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The Happy Household
by
Eugene Field


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It's when the birds go piping and the daylight slowly breaks,
That, clamoring for his dinner, our precious baby wakes;
Then it's sleep no more for baby, and it's sleep no more for me,
For, when he wants his dinner, why it's dinner it must be!
And of that lacteal fluid he partakes with great ado,
While gran'ma laughs,
And gran'pa laughs,
And wife, she laughs,
And I well, I laugh, too!

You'd think, to see us carrying on about that little tad,
That, like as not, that baby was the first we'd ever had;
But, sakes alive! he isn't, yet we people make a fuss
As if the only baby in the world had come to us!
And, morning,
 noon, and night-time, whatever he may do,
Gran'ma, she laughs,
Gran'pa, he laughs,
Wife, she laughs,
And I, of course, laugh, too!

But once a likely spell ago when that poor little chick
From teething or from some such ill of infancy fell sick,
You wouldn't know us people as the same that went about
A-feelin' good all over, just to hear him crow and shout;
And, though the doctor poohed our fears and said he'd pull him through,
Old gran'ma cried,
And gran'pa cried,
And wife, she cried,
And I –
yes, I cried, too!

It makes us all feel good to have a baby on the place,
With his everlastin' crowing and his dimpling, dumpling face;
The patter of his pinky feet makes music everywhere,
And when he shakes those fists of his, good-by to every care!
No matter what our trouble is, when he begins to coo,
Old gran'ma laughs,
And gran'pa laughs,
Wife, she laughs,
And I you bet, I laugh, too!

 

This poem is in the public domain.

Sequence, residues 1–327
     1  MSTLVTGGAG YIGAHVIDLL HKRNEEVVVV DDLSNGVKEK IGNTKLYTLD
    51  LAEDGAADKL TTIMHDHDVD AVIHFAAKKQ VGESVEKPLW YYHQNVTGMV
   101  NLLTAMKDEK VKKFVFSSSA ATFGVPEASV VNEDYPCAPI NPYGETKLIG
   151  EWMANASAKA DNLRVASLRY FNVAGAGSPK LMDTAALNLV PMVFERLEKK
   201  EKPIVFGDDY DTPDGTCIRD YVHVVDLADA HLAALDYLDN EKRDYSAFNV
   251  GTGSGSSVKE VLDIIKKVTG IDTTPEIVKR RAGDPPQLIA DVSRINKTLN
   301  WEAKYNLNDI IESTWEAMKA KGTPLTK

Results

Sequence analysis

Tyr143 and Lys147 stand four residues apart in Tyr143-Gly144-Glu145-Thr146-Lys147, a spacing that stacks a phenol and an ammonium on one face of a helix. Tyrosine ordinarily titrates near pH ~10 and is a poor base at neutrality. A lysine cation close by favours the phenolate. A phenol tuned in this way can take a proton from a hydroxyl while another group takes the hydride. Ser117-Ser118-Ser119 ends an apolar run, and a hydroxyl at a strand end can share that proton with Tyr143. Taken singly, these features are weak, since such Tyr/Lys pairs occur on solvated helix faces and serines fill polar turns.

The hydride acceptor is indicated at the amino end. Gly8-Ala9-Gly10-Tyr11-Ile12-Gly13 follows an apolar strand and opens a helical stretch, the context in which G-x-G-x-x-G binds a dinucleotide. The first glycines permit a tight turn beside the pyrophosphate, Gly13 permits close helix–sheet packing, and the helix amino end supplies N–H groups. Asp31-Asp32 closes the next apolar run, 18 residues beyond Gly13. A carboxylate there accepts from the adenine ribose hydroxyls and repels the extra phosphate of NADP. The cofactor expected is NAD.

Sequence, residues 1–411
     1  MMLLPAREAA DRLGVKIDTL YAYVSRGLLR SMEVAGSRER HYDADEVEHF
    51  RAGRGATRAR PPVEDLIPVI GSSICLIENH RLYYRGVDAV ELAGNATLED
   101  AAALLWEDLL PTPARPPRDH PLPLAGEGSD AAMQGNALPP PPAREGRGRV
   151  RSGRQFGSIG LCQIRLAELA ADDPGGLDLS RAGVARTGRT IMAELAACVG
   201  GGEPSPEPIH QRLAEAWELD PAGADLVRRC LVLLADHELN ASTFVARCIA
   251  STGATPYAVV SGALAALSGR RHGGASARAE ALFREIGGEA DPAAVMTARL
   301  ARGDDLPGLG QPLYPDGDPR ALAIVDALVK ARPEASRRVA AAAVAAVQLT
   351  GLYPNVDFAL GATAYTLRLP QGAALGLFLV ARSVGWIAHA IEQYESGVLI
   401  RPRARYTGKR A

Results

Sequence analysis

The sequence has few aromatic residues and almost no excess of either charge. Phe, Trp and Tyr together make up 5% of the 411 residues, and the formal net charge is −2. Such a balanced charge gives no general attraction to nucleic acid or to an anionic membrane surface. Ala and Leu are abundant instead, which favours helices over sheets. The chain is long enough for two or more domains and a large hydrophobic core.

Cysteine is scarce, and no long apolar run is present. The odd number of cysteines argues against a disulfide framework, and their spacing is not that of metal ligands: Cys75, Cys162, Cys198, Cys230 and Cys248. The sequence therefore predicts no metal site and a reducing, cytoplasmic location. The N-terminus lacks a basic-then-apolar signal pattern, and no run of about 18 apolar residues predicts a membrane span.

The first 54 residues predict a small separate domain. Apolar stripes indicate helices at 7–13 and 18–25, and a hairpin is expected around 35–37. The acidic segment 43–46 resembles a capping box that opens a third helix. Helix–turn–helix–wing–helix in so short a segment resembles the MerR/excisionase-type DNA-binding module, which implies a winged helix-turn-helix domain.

Purchase a framed print of this poem.

Eugene Field (1850 –1895) was born in St. Louis, Missouri, raised in Amherst, Massachusetts, and spent most of his adult life in Chicago. Best known for his children’s poetry and humorous essays, he explored acting and law before turning to a very successful career in journalism. Eugene lost both parents before he was 20, buried three of his eight children, and died himself when he was only 45. He nonetheless seemed to have a happy and satisfying life, publishing more than a dozen books and forever endearing himself to the world’s children by penning such classic poems as “The Duel” and “Wynken, Blynken, and Nod.” Eugene’s home in St. Louis is preserved and open to the public.

 

 


Post New Comment:
Lori Levy:
Enjoying the baby poems.
Posted 08/23/2016 09:39 AM
rhonasheridan:
I loved this. Best of the "baby" poems. A real gem.
Posted 08/23/2016 09:29 AM
blueskies:
A delightful visit to the ups & downs of 'to see us carrying on about that little tad'...Thanks, Jayne.
Posted 08/23/2016 05:29 AM
Newf:
What a joy to read with a very early coffee. Good wishes to little Lila and the joy she will bring your family.
Posted 08/23/2016 03:22 AM


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